Goodbye Nobby, good riddance Kieron
It is commonly agreed that the best thing about Ruud Gullit's ill-fated stint in charge of Newcastle United was his purchase of a dynamic young starlet from Ipswich Town.
Kieron Dyer's arrival for £6.5m is the only nugget worth remembering about a nightmare spell in which 'sexy football' evaporated to be replaced by warring factions, questionable tactics and relegation form.
However, few Toon fans will shed a tear if and when the pint-sized midfielder finally heads back down the M1.
In his eight years Dyer regularly sulked; refusing to play on the right wing, famously treating the captain's armband like a hot potato when brought on as a sub against Middlesbrough in the 2004/05 season, and making more headlines for his off-the-field antics than those he achieved on it.
In stark contrast, the vast majority of black-and-white followers will be distraught that Nolberto Solano is following Dyer out of the exit door.
The only thing the two players share is a lack of height. There the similarity ends.
With the exception of Shay Given, the Peruvian winger was unquestionably Kenny Dalglish's best acquisition. His immaculate touch and vision, a willingness to play anywhere to help the team, plus restricting his off-field activities to the odd blow on a trumpet, means Nobby leaves as an undoubted cult hero.
In his eight-years at St James' Park Dyer threatened. He threatened to stay fit, threatened to establish himself as an England regular, and once every blue moon he threatened the odd defence.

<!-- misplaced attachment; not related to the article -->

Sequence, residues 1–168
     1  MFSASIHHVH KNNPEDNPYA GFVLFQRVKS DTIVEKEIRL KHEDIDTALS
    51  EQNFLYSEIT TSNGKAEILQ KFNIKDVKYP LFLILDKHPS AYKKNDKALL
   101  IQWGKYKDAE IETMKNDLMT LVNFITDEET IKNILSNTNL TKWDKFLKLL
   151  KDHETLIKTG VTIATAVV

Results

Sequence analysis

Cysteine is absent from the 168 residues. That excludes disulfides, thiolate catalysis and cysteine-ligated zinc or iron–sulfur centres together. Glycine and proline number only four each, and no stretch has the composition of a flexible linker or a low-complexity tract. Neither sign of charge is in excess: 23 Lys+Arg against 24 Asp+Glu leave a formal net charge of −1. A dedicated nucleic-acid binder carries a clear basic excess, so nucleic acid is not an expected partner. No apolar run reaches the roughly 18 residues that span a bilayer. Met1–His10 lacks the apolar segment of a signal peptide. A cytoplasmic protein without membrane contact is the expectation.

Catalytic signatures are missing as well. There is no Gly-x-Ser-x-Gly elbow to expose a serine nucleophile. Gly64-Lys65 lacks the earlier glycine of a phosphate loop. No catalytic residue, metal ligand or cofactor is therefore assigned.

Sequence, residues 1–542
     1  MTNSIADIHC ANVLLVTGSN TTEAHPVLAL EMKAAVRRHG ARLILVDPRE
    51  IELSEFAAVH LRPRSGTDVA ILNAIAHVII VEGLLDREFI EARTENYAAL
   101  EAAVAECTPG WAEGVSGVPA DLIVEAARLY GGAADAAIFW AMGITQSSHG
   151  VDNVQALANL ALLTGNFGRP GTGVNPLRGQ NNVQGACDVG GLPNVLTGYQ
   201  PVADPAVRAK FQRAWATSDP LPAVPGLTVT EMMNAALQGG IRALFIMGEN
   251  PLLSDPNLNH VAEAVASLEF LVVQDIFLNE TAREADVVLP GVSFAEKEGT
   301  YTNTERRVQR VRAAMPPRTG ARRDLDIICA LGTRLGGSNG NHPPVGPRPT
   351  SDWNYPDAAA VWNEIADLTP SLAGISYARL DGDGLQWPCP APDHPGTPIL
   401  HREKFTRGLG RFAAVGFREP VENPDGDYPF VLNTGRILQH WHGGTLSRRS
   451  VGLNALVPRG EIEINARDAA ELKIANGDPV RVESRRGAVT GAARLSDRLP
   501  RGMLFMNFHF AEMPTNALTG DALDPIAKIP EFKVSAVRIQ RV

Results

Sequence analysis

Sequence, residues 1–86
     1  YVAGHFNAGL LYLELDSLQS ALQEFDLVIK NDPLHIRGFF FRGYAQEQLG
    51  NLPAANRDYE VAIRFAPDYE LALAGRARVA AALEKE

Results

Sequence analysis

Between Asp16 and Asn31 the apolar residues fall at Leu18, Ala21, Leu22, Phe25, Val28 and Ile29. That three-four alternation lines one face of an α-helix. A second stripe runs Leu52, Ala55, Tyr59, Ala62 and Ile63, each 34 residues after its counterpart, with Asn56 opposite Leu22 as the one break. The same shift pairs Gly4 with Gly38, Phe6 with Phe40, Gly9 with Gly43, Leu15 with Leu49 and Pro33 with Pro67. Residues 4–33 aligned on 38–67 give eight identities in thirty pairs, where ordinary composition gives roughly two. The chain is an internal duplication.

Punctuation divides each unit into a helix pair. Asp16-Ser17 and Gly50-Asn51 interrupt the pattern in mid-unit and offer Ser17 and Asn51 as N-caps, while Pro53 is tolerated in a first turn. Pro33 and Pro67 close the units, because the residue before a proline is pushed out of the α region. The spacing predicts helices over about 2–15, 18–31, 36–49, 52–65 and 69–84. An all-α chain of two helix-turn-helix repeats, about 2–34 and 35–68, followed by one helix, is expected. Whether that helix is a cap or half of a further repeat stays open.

Most outside observers will point to his fitness problems as the major factor in his supposed failure at St James Park, but as anyone who saw him play regularly will agree, his form was never consistent when he was fit.
And his finishing was anything but Premier League.
Dyer's best spell was during Sir Bobby Robson's tenure, when he and Gary Speed formed a strong partnership in central midfield. If the ageing Speed was the holding midfield battler, desperately trying to protect a fragile and leaky defence, Dyer was the creative mind behind a lot of the Toon's forward moves.
But for an attacking player a goal tally of just 36 goals in 222 games - despite playing many of those games as a striker - speaks for itself.
As do his disciplinary problems, most notably when he and then team mate Lee Bowyer traded blows in front of a stunned St James' in April 2005.
There were also frequent driving bans, a notorious 'sex video' filmed while the star was on holiday and a hefty fine after being sent home from a club trip to Spain when he swerved an official club dinner to go drinking.
Dyer fell out with Sir Bobby when he refused to play on the right-wing against Boro at the Riverside in August 2004, and then compounded the fans' misery when he gingerly handed on the captain's armband after replacing then-skipper Alan Shearer in the same game.
He looked to be heading out of St James' after that when his every touch was booed by his own supporters during an England friendly by those in the Gallowgate End, but somehow, after a grovelling apology to the manager and fans, he clung on.